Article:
DIm sum is a part of everyday life in Hong Kong, and an opportunity not to be missed. Ask someone to recommend a restaurant and they'll willingly oblige.
We went to the Cultural Centre on the Kowloon side of the harbour. Jam packed with locals, which is always a good sign.
Food was excellent, but bear in mind that there are no English translations for dishes, and the staff pushing the trolleys speak very little English.
Hence take a VERY LONG, HARD LOOK at dishes before you order.
Don't make the same mistake as my other half - he was too hungry to spend time on careful selection, and was none too impressed when he found himself sinking his teeth into a chicken's foot!
The way to check the bill in a Hong Kong restaurant............
Wave your arm to a waiter, point your index finger downwards to the table, draw a few circles with your finger and wait.
If the waiter give you the bill directly, just go and pay at the cashier. They won't expect tips though welcomed.
If the waiter present the bill on a silver dish, you need to put your payment on the dish. They expect you to leave at least a few coins on it as tips.
Chinese usually use chopsticks when eating. Most of the time, a pair chopsticks instead of a knife will be provided... so be prepared to take the challenge!!!
Don't be frustrated if you can't handle your chopsticks well at the first time. It's actually an easy job! Hong Kong people are mostly friendly and nice, if you are eating at a chinese restaurant but you encounter difficulties in eating with chopsticks, don't be shy or afraid, just randomly ask the one next to you to show you the correct way.
Remember, you are travelling in a Chinese city, grasp all the chances to try different Chinese food. Don't give up just because you need to use chopsticks when eating!!!
It's EASY and you'll be addicted to using chopsticks and Chinese Food as well!
Mooncake is the food that most represents Mid-Autumn festival. It's a festival that falls on the 15th day of the 8th month in the lunar calendar. The moon is said to be the brightest and fullest in the whole year.
There are several legends that explain the creation of the mooncake. The most popular one is related to history. In the 13th century, Chinese people were under Mongolians. In order to fight back, Chinese people would pass around mooncakes in which there is a piece of paper explaining how the rebellion would take place.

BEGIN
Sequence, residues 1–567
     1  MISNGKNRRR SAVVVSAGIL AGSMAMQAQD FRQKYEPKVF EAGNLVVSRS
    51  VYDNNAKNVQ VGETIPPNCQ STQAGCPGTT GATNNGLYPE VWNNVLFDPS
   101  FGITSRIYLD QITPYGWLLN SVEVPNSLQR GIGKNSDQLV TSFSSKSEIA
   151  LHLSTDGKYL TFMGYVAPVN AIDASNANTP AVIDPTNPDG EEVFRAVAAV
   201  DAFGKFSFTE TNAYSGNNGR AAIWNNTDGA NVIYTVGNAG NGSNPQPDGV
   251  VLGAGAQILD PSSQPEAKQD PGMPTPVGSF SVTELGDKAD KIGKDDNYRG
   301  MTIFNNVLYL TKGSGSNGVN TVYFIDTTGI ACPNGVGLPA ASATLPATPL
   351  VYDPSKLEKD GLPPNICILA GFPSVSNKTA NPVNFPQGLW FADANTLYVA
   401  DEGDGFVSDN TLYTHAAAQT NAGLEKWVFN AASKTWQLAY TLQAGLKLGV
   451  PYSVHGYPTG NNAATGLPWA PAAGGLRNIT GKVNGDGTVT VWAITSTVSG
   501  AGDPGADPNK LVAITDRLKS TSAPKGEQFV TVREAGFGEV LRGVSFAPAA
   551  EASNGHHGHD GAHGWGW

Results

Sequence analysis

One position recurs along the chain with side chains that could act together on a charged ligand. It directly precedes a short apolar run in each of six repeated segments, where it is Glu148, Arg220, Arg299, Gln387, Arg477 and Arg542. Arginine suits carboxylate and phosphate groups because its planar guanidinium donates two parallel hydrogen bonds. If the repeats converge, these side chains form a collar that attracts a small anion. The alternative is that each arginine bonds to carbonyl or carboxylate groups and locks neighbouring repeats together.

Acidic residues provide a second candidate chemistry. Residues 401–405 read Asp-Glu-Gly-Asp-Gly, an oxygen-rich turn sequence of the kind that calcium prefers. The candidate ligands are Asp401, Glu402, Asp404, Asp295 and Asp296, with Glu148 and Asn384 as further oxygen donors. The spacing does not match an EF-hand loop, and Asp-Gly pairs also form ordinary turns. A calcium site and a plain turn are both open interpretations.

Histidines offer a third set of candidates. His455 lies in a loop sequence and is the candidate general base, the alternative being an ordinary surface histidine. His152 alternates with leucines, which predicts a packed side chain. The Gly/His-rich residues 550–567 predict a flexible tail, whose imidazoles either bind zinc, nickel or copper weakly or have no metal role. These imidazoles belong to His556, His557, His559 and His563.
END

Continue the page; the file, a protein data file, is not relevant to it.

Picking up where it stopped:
Mooncake is made of lotus seed and animal oil and usually have 2 egg yolks. Nowadays, there is different types of mooncakes : with or without egg yolks (up to 6!!), different fillings (red bean, green bean, white lotus seed etc), even frozen mooncakes... Amazing to see all this evolution !
eating in hongkong is a crazy affair.. try not to do lunch around the typical office lunch hours.. places will be packed with ppl jostling for seats.. and you're expected to leave as soon as you finish gulping down everything or risk getting a good scolding.. but at the end of it all, the food here is delicious.. just choose the right time.. yummy!
* When eating out with local Chinese, it is the custom for the host to order from the menu on behalf of his guests.
* A traditional meal will usually consist of some seafood and dim sum.
* Chinese tea is an integral part of any Chinese meal. 'Yum Cha' means drink tea.
You'll find some of the best restaurants in the world here, but don't expect quiet, romantic meals. The Chinese tradition is to eat big, loud meals. Feel free to burp if you're enjoying your food. It's not considered rude, but a compliment to the chef!!
Here's another important cultural tip:
Be Quick to Offer to Pay for Meals: Although it will NOT be accepted (relax... don't panic!), it is considered POLITE to OFFER to pay the dinner/ lunch bill. NEVER offer to split the bill as this would result in loss of face for your Hongkong host... and a sure way to lose that friendship!
Photo Below: Happy Valley here in HK.
When you are invited to a Chinese dinner and your invitation card reads - Dinner at 7 pm sharp - it is seldom so. In fact, it is culturally acceptable to be late. Don't be taken aback when you are the only one seated at the table at 7 pm - looking somewhat lost - while every one else will start streaming in at 7.30 pm onwards. Is this a unique custom?
Although many people in Hong Kong are Cantonese speaking, the younger generations speak both English and Chinese as well so communication is not a problem.
For meals, tapping the table twice with the index finger and middle finger when the waiter pours drinks or serves, says 'thank you'. For teapots, tilting the cap up signals to the waiter that you'll like him/her to add hot water to the tea leaves.
Mandarin Oriental Hong Kong Hong Kong
9 Reviews and 742 Opinions I am two people really. Either businessman or traveller. So, if your on business or the budget's not...
See all 280 Hotels in Hong Kong
The Langham hotel Hong Kong Kowloon
3 Reviews and 923 Opinions I stay there when I go on business trip to Hong-Kong. Very nice room ann I especially like the...
See all 31 Hotels in Kowloon